On the 22nd of March, Scotland celebrated World Water Day 2021, as part of a global UN initiative to understand the value of water to us all. But define value – it’s very subjective. Water, though, is so fundamental to all our existence it inherently draws together many perspectives on value, and these evolve as we know more about our most precious of resources.
Making up 70% of our world, it’s what justifies us as the Blue Planet, spinning in space. Without it there would be no life. It is the lifeblood of industry: 90% of the global economy and 75% of jobs depend on water to some extent. But it is in crisis through our accelerating lifestyles and attendant demands on its use and overuse, and also because of climate change. Indeed, in many ways it is the messenger of climate change - ninety percent of all natural disasters are water related and these increasingly impact on more and more people across the globe. In short, it’s time to change our relationship with water.
In a water-rich country like Scotland we tend to take it for granted. Turn on the tap and it’s there, aim to go for a walk and bucket loads fall from the sky. It’s beloved of taxi drivers nationwide. But that’s not true across the globe. The arrival of rain is cherished and welcomed in some countries and in others the overuse of a once abundant resource is placing increasing constraints on livelihoods and the escape from poverty. The quantity of water has not changed, indeed that has not changed since dinosaurs roamed the world, but that water is finite and under threat. In many situations it is the quality of water and its distribution in time and space that are the problem: too much here; too little there. It’s not a level playing field, and demand for water keeps rising as society’s demands grow and cities develop.
And not all water is equal. We have blue water in our rivers and lakes, green water being drawn up to support plant and crop growth, grey, brown and black water in our waste-streams. We drink tap water, mineral water, sparking water, well-water, distilled water and product manufacturers probably aim to market even more subtle “types of water”. It can come from different sources: raw water from the hills, brackish water, groundwater, rainwater or wastewater. But basically, it is still just H2O.
So why is this important? Simply because we depend for our survival on these different types of water that we put to different uses and all of which have different values. But again; define value. To many it’s the simple pounds, shillings, and pence of the water market. What does it cost to make it fit to drink or use and what does it cost to clean it up afterwards? Water, though, has value that transcends money. It has spiritual or religious significance. It has value for mental wellbeing; the mindfulness of hearing the patter of water on a roof, trickling in a burn or waves lapping on a beach; the moods of rainfall, rainbows and cascades; the feel of it on our skin. What value do we place on those attributes, and how do we assess them against the hard economic costs? That’s the challenge.
Our waste streams, historically the polluter of many of our country’s beautiful rivers are now highly valued for their embedded nutrients, metals and energy, all of which can be recovered and reused. Scottish Water has a new, world-leading target of attaining net-zero by 2040. Our new approaches to protecting cities from floods based on wider ecologically-based measures provide value not only in their primary function, but also because they provide prized ‘blue-green’ recreational spaces, important corridors for wildlife and settings for desirable and usually expensive real estate.
Our relationship with water is changing and must continue to change. Truly valuing water means giving it appropriate recognition, promoting efficiency and balancing short-term need against longer-term sustainability. Thinking about our legacy to others.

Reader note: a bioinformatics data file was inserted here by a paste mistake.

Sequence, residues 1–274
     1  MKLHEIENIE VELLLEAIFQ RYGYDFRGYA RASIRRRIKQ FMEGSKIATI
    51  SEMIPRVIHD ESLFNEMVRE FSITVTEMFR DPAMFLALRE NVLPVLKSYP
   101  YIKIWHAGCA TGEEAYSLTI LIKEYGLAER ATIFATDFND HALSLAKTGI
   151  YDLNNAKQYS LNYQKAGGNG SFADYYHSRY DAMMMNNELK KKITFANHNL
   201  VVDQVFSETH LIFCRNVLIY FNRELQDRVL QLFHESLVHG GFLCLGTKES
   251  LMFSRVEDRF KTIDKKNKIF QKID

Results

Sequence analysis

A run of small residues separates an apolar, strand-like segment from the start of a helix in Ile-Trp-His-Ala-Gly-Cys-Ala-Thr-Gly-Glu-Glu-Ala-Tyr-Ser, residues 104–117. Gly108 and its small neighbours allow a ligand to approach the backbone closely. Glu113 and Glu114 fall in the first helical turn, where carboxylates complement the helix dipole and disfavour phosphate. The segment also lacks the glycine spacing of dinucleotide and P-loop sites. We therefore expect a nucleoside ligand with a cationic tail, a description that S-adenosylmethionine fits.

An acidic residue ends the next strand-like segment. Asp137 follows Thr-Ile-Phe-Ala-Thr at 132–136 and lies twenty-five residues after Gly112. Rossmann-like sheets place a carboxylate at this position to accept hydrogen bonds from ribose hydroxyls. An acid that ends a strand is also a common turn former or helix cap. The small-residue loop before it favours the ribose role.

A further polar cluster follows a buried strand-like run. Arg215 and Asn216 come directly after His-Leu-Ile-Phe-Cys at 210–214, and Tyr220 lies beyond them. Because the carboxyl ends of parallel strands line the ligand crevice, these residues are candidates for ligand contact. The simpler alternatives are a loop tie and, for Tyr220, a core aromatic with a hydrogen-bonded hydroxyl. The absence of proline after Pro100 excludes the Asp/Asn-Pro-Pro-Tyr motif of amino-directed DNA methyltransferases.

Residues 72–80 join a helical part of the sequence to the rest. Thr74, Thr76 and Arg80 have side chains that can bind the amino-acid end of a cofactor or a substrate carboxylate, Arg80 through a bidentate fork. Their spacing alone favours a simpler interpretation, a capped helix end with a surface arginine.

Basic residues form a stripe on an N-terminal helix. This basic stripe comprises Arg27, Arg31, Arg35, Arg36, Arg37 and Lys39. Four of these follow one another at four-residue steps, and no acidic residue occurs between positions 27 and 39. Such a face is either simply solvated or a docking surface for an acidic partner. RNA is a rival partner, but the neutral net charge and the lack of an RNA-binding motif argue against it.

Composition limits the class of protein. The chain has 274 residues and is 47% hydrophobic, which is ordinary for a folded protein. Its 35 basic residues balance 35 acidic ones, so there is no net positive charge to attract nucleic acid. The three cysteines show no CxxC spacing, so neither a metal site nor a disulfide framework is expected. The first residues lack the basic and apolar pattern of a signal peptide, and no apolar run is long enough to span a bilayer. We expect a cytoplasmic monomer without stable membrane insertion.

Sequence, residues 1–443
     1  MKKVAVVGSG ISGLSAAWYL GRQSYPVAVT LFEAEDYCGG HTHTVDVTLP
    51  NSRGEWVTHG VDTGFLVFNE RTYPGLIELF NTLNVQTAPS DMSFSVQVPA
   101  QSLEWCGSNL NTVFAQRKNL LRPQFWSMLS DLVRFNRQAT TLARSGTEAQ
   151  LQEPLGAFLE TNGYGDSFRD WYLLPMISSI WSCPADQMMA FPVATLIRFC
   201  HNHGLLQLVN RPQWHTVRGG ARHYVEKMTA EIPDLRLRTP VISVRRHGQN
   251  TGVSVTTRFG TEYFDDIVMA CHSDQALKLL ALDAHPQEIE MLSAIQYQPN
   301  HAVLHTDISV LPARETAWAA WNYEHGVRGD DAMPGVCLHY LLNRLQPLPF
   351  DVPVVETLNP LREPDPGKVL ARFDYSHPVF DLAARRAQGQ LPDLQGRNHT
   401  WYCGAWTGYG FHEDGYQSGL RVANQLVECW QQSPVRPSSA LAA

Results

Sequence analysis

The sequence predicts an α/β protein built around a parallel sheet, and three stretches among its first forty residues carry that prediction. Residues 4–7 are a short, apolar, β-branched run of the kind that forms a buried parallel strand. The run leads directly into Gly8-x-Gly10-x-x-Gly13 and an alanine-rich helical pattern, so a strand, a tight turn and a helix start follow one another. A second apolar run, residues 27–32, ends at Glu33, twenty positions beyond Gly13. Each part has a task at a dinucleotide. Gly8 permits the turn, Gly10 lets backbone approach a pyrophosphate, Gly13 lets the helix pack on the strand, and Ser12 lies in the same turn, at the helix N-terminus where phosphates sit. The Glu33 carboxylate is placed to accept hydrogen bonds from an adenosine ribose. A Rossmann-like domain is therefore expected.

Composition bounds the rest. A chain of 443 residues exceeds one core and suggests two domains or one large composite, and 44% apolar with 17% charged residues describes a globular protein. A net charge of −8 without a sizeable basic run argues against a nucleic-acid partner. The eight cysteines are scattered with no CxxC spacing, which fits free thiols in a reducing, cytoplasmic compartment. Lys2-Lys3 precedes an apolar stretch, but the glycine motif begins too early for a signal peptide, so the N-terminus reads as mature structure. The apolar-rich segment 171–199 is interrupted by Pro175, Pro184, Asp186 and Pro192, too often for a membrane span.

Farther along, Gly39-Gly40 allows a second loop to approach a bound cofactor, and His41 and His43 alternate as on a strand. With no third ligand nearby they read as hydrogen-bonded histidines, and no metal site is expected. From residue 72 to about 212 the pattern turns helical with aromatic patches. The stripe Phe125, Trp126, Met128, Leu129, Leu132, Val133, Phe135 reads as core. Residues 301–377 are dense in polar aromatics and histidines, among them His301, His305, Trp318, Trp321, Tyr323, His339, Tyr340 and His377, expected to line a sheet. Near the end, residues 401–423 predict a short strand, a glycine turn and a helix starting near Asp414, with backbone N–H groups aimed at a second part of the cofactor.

Working in partnership with the Scottish water community, CREW has developed the WaterWall in Motion – a project that promises to be a fantastic video resource and competition to celebrate Scotland’s relationship with water, and its Hydro Nation ambition. The aim is to celebrate how Scotland is leading the way in water research, innovation, management, business, creativity, health, art and recreation.
The project is open to the public and any organisation, business or individual working to monitor, research, innovate, manage, regulate, conserve or simply enjoy and value Scotland’s water resources. The existing WaterWall, developed at the James Hutton Institute, has been enhanced to accommodate videos and the water community is invited to post links to 2-minute videos on one of eight themes
· Nature-based solutions
· Droughts and floods
· Water quality
· Living with climate change
· Freshwater restoration
· Innovation in the water sector
· Water and wellbeing
· Water inspired creativity
Prizes will be awarded across categories for innovation, creativity, originality; actions for achieving net zero carbon emissions and most impactful (evocative, celebratory or inspirational video).
This project aims to showcase and raise the profile of Scotland as the Hydro Nation at COP26 and satellite events, as well as to provide a point of reference for the water community to aid in the development of new networks and opportunities in the water sector. The WaterWall in Motion project was launched at World Water Day 2021 on the 22nd of March and the competition will run until the 13th August 2021.
For more information click here.
CREW funded project to test waste water for signs of Covid-19 to help pinpoint local spikes of the virus.
On request from Scottish Water, the Centre of Expertise for Water (CREW) funded a pilot project that aims to determine whether SARS-CoV-2 viral RNA can be detected in municipal wastewater from Scottish communities and whether the detection of SARS-CoV-2 viral RNA in municipal wastewater has the potential to be used to track community infection. Dr Alex Corbishley led the research from the University of Edinburgh's Roslin Institute and CREW engaged the Scottish Environment Protection Agency (SEPA) to ensure that the methods developed could ultimately be adopted by SEPA as part of their national (Scottish) programme of surveillance and analysis. CREW invited experts such as Dr Michael Gormley (Heriot Watt University) to join the project Steering Group and informed the Scottish Government of key developments to ensure project outcomes are shared widely.